JWA's Greatest Hits: Eating Jewish: Teiglach (Ashkenazic Honey Dough Balls)

Courtesy of Katherine Romanow.

Honey is an integral element on the Rosh Hashanah table and in thinking about what to write about for my posts about foods to serve during the upcoming New Year celebrations, I knew I had to include a dish in which the main ingredient consisted of this golden sweetener.

Although honey cake is a classic Ashkenazic dessert that has become synonymous with this holiday for Jews who are part of this community, I wanted to try my hand at something I hadn’t made before. So I turned to the numerous cookbooks that line my bookshelves and found this recipe for teiglach. The recipe jumped off the page at me as soon as I saw it, because in my books anything that is fried or baked and subsequently covered in honey sounds delicious.

Despite the fact that I hadn’t made these before, they are traditional Rosh Hashanah fare in the Ashkenazi community with origins that date back to the times of the Romans who, according to Gil Marks, made strips of fried dough in honey called vermiculos. Italian Jews adopted the custom of making vermiculos but this dish disappeared from their repertoire in the middle ages. It was in the twelfth century that Franco-German Rabbis mentioned eating a dish of fried or baked strips of dough covered in honey called vermesel or verimlish, at the beginning of the Sabbath meal. Despite the fact that its name went through changes, being called gremsel and then chremsel in Eastern Europe, it is to this dish of vermesel that teiglach owes its beginnings. Although most popular on Rosh Hashanah when it is served in order to help usher in a sweet new year, teiglach is also eaten on joyous occasions such as weddings and Brit Milahs.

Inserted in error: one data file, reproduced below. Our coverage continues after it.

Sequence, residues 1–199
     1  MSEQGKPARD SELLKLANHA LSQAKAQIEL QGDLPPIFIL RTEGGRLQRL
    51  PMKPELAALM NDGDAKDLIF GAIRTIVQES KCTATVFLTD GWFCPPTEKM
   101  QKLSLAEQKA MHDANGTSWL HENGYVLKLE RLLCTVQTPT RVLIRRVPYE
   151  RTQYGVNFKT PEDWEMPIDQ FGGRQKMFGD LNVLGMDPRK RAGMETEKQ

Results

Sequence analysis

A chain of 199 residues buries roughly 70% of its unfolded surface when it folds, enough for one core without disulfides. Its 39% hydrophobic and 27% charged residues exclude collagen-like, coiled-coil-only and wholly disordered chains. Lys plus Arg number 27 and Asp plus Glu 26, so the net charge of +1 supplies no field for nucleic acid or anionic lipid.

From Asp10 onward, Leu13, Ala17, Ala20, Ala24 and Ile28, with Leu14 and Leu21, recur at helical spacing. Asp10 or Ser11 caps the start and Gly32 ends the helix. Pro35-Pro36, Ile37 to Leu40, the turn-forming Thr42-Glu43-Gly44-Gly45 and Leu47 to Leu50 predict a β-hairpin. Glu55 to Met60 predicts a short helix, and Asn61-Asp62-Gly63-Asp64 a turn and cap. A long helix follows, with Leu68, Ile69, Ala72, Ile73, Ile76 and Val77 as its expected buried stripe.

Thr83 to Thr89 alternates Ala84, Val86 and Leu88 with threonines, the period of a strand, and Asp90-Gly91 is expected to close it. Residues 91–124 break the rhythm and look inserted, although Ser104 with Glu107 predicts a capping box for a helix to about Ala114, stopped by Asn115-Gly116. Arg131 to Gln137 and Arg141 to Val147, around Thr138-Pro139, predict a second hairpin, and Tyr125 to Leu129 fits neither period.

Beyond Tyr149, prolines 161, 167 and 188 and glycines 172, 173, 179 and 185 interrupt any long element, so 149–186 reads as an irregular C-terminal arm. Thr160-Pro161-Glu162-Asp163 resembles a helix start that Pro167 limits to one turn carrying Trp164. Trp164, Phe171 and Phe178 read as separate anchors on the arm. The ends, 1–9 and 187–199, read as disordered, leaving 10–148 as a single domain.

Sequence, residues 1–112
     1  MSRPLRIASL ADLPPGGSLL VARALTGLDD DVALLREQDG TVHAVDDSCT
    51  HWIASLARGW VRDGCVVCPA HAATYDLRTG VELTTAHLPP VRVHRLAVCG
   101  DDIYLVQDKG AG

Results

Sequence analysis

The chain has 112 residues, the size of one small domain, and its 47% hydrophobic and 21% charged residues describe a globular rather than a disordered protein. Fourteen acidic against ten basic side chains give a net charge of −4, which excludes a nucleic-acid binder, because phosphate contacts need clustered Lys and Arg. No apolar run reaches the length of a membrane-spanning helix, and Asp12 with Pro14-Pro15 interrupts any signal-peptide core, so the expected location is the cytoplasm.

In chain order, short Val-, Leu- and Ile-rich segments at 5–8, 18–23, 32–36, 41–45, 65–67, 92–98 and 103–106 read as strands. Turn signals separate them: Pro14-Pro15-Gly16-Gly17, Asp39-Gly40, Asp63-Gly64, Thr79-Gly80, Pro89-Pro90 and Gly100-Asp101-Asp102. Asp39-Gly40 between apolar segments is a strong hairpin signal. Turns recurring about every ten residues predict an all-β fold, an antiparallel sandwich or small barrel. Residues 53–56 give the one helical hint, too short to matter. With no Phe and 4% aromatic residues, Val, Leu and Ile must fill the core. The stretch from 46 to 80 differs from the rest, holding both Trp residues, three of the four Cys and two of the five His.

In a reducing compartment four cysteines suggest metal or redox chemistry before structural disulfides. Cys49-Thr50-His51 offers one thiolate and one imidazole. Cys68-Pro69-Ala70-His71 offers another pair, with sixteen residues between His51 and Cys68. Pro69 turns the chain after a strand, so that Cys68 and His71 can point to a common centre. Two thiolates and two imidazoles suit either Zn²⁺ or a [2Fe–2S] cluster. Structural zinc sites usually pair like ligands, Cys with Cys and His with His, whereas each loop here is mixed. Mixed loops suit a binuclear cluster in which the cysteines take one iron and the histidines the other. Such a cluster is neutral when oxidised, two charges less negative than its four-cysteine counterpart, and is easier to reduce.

This is a dish that does require some time to make but don’t be intimidated by the length of the recipe because the steps are easy enough. It simply requires making the dough, which simply consists of a few ingredients, shaping it into balls and baking them until they are lightly browned. While they are cooling, the mixture of honey, sugar and ginger is cooked on the stovetop. Once this is done, the balls of dough are dropped into the honey mixture and cooked until they have absorbed and been coated in the mixture. The resulting dessert is one of small honey soaked balls that are just the right amount of sweet with a hint of spicy ginger that look irresistible when piled high on a plate.

This traditional dessert, whose beautiful appearance is matched by its equally mouthwatering taste, will look elegant and modern at the center of any Rosh Hashanah table.

Teiglach (Ashkenazic Honey Dough Balls)
From Gil Marks’ The World of Jewish Cooking


3 large eggs, lightly beaten
½ teaspoon baking powder
¼ teaspoon salt
About 1 ¾ cups all-purpose flour


1 cup honey
½ cup sugar
½ teaspoon ground ginger
1 cup coarsely chopped walnuts, blanched almonds, or hazelnuts (optional)
1/3 to ½ cup minced candied fruit (optional)

  1. Preheat the oven to 350 degrees. Grease a large baking sheet or two small ones. Oil a large plate or second baking sheet.

  2. To make the dough: Combine the eggs, baking powder, and salt. Gradually stir in enough flour to make a soft, workable dough. Place on a lightly floured surface and, using floured hands, knead until smooth, 2 to 3 minutes.

  3. Cut the dough into 1/3-inch thick strips and roll into ropes. Cut into 1/3-inch pieces and roll each piece into a ball. (The dough will still be a little sticky at this point but simply roll the dough in a little bit of flour. It is okay that the dough pieces are not smooth, as this will allow the honey to seep inside.)

  4. Arrange the dough pieces in a single layer on the oiled baking sheet. Bake, until very lightly browned, 10 to 15 minutes. Let cool.

  5. To make the syrup: Stir the honey, sugar, and ginger in a large saucepan over low heat until the sugar dissolves. Stop stirring, increase the heat to medium-high, and bring to a boil. Reduce the heat to low and simmer for 10 minutes.

  6. Add the dough pieces and cook, stirring frequently with a wooden spoon, for 10 minutes. Add the nuts and fruit if desired, and cook until the syrup is a deep brown and the dough pieces sound hollow when tapped, about 10 additional minutes.